10 Most Frequently Asked Questions About Making Money With Joint Ventures

The biggest challenge new investors face is funding.

There’s no way around it – if you can’t afford the deals you’re after, no amount of subdivision, renovation or development skill will help you put money in your pocket.

Even if you are entering the property game with some savings, the bank will only let you borrow so much until they tell you, “that’s it, you’ve borrowed enough!”

When that happens, you have two choices – slow down drastically… or…

Get Someone Else To Fund Your Deals!

Knowing how to get deals over the line using none (or little) of your own money – is the ultimate way to become financially free faster than most people think possible.

But there’s a lot of misinformation out there about money partners and joint ventures. So in today’s post, I want to share with you the answers to the questions that boggle most investors.

And if you’re truly serious about fast-tracking your wealth creation efforts, I suggest you check out the Ultimate Property Hub membership site or book in to attend my next Joint Venture Bootcamp!

1. “Should you ever do a joint venture or money partner deal with close friends / family?”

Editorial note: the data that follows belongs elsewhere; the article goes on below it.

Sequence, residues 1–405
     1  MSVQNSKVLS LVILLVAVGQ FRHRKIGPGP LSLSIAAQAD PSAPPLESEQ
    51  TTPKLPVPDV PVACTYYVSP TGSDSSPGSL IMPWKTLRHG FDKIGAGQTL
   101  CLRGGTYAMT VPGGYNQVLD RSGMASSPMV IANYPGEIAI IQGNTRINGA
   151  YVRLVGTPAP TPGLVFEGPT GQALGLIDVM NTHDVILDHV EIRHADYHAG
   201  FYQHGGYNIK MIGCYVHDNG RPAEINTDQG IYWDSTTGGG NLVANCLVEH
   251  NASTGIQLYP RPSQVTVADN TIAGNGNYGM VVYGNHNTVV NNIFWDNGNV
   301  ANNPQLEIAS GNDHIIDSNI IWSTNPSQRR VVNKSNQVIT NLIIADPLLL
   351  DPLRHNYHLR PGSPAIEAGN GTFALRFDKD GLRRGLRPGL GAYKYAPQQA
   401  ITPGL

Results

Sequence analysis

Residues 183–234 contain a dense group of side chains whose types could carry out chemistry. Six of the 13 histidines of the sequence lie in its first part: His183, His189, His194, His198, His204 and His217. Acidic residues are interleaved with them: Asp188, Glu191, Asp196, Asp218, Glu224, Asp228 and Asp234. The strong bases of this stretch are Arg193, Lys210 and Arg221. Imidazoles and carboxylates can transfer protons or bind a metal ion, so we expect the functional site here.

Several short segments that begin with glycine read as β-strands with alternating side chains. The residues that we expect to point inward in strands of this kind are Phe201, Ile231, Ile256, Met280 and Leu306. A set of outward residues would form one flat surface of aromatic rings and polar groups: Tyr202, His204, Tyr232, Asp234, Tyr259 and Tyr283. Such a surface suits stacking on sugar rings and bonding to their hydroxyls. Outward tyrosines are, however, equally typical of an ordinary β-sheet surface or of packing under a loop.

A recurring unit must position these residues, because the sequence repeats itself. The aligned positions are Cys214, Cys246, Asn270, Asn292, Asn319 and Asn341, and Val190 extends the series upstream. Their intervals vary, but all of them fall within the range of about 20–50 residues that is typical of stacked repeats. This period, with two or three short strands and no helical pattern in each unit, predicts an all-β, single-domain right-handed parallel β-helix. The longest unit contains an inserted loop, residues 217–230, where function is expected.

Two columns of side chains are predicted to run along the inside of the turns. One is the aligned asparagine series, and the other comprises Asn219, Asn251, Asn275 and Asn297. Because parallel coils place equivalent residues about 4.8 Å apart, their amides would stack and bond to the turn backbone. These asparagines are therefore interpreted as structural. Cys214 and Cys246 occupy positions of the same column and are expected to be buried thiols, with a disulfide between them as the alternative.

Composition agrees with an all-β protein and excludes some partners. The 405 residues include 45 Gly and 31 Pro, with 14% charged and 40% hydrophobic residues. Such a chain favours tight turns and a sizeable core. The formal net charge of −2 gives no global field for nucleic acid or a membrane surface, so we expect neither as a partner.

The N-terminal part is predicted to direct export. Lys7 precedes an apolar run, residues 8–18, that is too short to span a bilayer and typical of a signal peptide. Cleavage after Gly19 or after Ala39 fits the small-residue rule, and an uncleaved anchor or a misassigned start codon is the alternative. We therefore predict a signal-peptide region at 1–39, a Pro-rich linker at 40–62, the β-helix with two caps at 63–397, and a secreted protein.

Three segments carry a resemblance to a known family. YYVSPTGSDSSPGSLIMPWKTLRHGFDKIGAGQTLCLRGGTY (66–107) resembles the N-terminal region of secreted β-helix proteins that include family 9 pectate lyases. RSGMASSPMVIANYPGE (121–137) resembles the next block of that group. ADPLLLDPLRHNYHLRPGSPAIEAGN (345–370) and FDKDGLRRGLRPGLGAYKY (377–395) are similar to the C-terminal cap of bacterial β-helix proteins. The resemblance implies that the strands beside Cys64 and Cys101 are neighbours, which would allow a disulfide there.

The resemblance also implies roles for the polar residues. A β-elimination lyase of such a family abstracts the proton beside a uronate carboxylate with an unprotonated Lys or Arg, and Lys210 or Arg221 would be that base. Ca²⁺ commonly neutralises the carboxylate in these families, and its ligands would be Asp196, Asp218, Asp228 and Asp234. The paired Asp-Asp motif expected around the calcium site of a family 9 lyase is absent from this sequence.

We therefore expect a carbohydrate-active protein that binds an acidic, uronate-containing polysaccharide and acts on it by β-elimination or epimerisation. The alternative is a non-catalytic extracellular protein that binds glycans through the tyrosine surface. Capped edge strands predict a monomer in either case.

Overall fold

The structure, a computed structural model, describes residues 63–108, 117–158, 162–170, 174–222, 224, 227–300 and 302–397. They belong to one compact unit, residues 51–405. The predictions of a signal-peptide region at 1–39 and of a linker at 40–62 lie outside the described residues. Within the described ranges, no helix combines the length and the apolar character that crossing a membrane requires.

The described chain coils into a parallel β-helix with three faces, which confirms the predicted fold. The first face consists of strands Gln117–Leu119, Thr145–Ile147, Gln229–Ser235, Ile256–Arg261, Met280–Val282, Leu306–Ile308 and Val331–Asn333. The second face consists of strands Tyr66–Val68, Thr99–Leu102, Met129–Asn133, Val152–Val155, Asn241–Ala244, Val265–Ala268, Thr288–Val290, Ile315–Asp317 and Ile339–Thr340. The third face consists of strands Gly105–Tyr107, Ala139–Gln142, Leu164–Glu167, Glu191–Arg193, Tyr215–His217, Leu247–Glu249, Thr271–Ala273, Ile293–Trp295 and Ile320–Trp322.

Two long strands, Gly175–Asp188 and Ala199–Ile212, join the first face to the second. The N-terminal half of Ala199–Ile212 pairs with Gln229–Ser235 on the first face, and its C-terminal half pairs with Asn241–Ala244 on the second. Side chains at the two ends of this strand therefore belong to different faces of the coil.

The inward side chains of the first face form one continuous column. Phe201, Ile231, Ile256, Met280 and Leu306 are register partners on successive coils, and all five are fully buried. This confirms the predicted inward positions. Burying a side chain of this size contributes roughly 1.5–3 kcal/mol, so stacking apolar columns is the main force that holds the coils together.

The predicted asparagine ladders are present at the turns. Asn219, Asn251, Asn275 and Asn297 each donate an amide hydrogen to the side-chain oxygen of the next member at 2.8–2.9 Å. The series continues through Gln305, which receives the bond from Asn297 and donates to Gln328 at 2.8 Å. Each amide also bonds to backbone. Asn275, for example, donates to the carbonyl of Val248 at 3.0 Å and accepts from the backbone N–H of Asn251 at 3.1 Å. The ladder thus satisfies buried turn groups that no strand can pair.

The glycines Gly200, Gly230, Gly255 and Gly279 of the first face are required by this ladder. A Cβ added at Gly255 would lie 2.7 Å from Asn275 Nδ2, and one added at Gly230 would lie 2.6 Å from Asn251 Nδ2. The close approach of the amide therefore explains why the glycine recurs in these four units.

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In my opinion it is quite possible to do a joint venture with close friends, even family but be warned.

If things don’t pan out the relationship can be damaged which is a common occurrence.

Choose your partners wisely by creating structure to your process and maintain transparency at all stages of the agreement.

Using the resources of family and friends should be treated carefully. No investing endeavour should be at the expense of family relationships or friendships.

A successful joint venture will always be based on quality communication between all parties. Its up to you to ascertain whether you think that level of communication is present in your current family relationships.

Like all joint venture and money partner agreements, ensure everything is documented and treated professionally, as you would with any business relationship or financial arrangement.